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Abstract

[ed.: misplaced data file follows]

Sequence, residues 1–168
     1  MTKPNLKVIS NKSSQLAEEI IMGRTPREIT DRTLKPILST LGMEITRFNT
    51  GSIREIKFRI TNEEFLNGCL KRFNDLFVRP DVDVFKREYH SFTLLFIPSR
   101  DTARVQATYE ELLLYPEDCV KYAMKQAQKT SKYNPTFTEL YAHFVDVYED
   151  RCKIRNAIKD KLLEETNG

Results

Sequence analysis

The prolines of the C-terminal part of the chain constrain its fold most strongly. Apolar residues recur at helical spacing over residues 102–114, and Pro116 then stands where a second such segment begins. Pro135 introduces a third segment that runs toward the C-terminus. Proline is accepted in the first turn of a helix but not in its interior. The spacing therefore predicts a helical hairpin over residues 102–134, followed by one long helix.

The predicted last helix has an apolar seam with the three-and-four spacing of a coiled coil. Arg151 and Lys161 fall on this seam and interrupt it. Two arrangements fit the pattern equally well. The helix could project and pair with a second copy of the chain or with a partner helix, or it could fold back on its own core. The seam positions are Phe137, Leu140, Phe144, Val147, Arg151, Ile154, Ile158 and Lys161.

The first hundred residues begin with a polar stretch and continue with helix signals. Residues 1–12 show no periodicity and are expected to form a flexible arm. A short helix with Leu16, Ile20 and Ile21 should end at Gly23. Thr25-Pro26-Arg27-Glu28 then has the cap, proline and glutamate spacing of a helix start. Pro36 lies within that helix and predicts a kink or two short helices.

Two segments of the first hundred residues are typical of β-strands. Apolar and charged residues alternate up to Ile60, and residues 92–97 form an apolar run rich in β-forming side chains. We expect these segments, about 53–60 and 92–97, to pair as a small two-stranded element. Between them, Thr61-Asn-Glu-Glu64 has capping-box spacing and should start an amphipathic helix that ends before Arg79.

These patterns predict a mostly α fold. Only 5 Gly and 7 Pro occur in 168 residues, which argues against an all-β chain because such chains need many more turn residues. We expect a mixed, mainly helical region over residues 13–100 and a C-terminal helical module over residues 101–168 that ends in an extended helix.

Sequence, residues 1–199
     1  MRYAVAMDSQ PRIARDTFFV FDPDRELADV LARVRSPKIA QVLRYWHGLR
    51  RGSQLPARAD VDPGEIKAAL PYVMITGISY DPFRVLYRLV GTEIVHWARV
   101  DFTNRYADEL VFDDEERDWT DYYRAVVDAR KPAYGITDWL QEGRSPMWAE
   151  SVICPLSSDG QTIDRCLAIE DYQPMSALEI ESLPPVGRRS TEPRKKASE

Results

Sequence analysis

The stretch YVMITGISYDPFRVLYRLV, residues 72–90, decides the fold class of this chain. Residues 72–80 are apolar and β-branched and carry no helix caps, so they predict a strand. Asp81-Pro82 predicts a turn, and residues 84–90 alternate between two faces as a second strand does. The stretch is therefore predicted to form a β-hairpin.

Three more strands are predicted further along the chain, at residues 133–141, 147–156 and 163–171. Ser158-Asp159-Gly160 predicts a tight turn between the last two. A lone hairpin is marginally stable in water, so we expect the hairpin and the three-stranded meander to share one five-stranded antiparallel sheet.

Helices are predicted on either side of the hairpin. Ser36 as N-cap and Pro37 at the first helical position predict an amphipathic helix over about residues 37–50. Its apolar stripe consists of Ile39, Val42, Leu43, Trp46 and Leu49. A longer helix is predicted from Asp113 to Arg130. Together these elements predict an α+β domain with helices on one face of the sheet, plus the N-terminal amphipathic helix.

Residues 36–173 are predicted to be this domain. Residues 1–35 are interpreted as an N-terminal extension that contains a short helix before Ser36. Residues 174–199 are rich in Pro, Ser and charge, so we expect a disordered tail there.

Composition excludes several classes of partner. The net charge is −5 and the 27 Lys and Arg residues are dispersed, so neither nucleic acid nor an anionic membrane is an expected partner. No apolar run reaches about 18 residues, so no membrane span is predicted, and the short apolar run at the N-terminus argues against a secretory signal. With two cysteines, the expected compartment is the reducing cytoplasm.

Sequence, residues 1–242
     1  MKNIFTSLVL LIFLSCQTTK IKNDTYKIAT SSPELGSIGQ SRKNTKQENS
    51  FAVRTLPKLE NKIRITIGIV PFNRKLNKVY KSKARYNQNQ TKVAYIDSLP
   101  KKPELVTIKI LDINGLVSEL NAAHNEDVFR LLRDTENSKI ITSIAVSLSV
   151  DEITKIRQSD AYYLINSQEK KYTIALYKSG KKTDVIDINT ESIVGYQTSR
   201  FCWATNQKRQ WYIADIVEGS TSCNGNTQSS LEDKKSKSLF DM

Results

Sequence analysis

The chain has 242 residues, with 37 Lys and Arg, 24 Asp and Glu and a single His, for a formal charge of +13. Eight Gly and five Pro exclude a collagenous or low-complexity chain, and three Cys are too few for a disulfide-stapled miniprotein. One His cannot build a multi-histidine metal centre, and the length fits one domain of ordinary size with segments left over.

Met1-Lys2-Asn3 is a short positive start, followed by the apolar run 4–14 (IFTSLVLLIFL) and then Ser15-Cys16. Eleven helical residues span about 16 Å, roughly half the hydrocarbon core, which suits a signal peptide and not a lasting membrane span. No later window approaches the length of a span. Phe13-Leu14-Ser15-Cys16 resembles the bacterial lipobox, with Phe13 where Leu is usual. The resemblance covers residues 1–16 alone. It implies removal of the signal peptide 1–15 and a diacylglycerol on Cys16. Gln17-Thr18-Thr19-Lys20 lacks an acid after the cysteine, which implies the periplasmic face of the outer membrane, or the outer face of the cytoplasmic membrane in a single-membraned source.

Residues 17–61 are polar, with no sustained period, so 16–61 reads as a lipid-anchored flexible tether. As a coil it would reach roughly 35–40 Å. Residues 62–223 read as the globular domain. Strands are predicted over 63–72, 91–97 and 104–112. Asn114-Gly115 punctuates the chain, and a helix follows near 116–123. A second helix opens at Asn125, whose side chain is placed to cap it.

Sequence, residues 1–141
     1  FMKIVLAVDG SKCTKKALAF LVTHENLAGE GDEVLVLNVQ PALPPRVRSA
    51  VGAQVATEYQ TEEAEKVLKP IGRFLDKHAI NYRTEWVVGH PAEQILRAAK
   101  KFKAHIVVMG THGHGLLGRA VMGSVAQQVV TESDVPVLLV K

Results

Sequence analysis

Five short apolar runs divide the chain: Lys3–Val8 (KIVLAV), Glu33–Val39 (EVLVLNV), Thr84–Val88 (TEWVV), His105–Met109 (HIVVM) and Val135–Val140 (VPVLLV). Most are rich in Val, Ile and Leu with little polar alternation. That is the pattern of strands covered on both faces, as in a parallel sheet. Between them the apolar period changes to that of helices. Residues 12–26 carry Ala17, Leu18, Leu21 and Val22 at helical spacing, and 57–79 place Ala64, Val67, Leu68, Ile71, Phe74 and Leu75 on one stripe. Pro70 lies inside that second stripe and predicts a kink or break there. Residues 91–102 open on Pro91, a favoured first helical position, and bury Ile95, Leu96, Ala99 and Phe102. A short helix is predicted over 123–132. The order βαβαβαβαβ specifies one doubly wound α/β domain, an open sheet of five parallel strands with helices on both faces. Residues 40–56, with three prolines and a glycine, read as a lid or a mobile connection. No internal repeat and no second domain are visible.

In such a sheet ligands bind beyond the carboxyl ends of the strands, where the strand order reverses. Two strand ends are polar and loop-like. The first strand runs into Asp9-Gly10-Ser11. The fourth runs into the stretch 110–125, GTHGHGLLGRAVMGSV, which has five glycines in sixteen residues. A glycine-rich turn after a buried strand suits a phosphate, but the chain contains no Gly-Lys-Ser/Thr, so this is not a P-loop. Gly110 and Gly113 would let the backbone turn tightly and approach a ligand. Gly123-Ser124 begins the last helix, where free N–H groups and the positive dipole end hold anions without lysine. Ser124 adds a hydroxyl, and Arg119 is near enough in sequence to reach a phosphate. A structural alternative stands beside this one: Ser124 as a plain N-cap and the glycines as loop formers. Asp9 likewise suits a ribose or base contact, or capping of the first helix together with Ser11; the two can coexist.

Popular culture often describes being nice as a social disadvantage. However, research repeatedly finds that being agreeable is associated with a number of advantages. Literature noting the positive benefits of being agreeable is reviewed. The paper also addresses how agreeableness, one of the Big Five personality dimensions, is linked with higher-quality friendships, successful parenting, better academic and career performance, and health. The case is made that being agreeable is not equated to being easily influenced nor is it an artifact because of social desirability. Finally, cultural and gender differences related to agreeableness are addressed. Based on the review of the literature, it is postulated that being agreeable may be the path to enduring interpersonal relationships, happiness, success, and well-being.